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Didi-Niko Dadiani

Nikoloz "Didi-Niko" Dadiani (Georgian: ნიკოლოზ ["დიდი ნიკო"] დადიანი; 1764 – 25 February 1834) was a Georgian nobleman of the House of Dadiani and a historian. He played a prominent role in the government of the Principality of Mingrelia, which became an autonomous subject of the Russian Empire in 1804. Dadiani's principal historical work is The History of the Georgians, whose final chapters are an indispensable source for the early modern history of western Georgia. Nikoloz Dadiani, his name hypocorized to Niko, was named didi, Georgian for "big", to distinguish him from his younger namesakes in the Dadiani family.[1]

Political career

Nikoloz Dadiani was a son of Giorgi Dadiani (died 1799), brother of Katsia II Dadiani, Prince of Mingrelia. His involvement in the politics and government of Mingrelia began in October 1804, when he became a member of the regency council for his underage relative, Levan V Dadiani, a grandson of Katsia II. The council was presided by Levan's mother, the dowager-princess Nino. A few months earlier, Mingrelia had become part of the Russian Empire as an autonomous principality. In 1805, Didi-Niko Dadini led a Mingrelian delegation to St. Petersburg sent to address the principality's territorial grievances with its neighbors. On his return, Dadiani found himself at odds with the dowager-princess, whom he accused of using the regency council to appease her own ambitions. After Levan V Dadiani became of age and Nino was sidelined from Mingrelia's government in 1811, Didi-Niko Dadiani's influence grew. The prince-regnant Levan had little interest in government affairs and day-to-day administrative routine and relied on Didi-Niko, who served as a chancellor (mdivanbegi) for years and, between 1804 and 1811, composed a new government code, known as dasturlama, to improve Mingrelia's governance.[1]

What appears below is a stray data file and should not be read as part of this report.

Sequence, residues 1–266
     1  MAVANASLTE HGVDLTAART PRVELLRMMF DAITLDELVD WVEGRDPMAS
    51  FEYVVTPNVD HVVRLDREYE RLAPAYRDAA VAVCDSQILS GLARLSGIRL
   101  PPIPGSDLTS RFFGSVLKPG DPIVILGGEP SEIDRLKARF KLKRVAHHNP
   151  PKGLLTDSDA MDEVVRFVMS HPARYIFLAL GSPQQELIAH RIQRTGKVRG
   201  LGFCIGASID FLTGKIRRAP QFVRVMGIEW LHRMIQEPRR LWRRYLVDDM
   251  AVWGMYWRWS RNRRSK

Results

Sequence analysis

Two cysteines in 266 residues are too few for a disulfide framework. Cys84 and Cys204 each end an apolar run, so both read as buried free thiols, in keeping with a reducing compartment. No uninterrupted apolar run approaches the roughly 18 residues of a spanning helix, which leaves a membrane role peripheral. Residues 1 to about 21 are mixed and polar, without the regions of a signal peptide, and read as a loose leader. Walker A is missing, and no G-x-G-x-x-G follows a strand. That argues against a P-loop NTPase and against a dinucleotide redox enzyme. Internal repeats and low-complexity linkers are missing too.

Didi-Niko Dadiani was a loyal subject to the Russian crown. As part of the Mingrelian forces ("militia"), he fought on the Russian side in the Russo-Turkish War (1806–1812), Russo-Persian War (1804–13), and Russo-Turkish War (1828–1829). He, further, aided the Russians in suppressing the western Georgian rebellions of 1810 and 1819–1820. He was made major-general and awarded the Order of St. Anna, First Class.[1]

A historian

During his years in government, Dadiani wrote his major historical work, The History of the Georgians (ქართველთ ცხოვრება, k'art'velt' ts'khovreba), which he completed in 1823. It is composed of three parts; the first two segments are based, respectively, on the medieval compendium, kartlis tskhovreba, and the history by Prince Vakhushti. The final part is an original work, dealing mostly with the history of western Georgia between 1749 and 1823 and containing many valuable, otherwise unrecorded details. He also wrote a travelogue of his mission to Russia, which has not survived.[2]

Dadiani died in 1834 and was buried at the Martvili Monastery. He was married twice; first, to Mariam née Eristavi of Guria and, then, after her death in 1802, Ekaterine Marshania from Abkhazia. He had seven children—two daughters and five sons. His descendants are still extant.[1]


  1. ^ a b c d "Nikolas (Didi Niko) Dadiani (1764-1834)". Dadiani Dynasty. Smithsonian Institution in association with National Parliamentary Library of Georgia. Archived from the original on 11 October 2017. Retrieved 30 March 2017.
  2. ^ დადიანი ნიკო გიორგის ძე [Dadiani, Niko Giorgis dze]. ენციკლოპედია საქართველო, ტ. 3 [Encyclopaedia Georgia, Vol. III] (in Georgian). National Academy of Sciences of Georgia. 2015. Archived from the original on 2017-03-31. Retrieved 2017-03-30.
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Didi-Niko Dadiani
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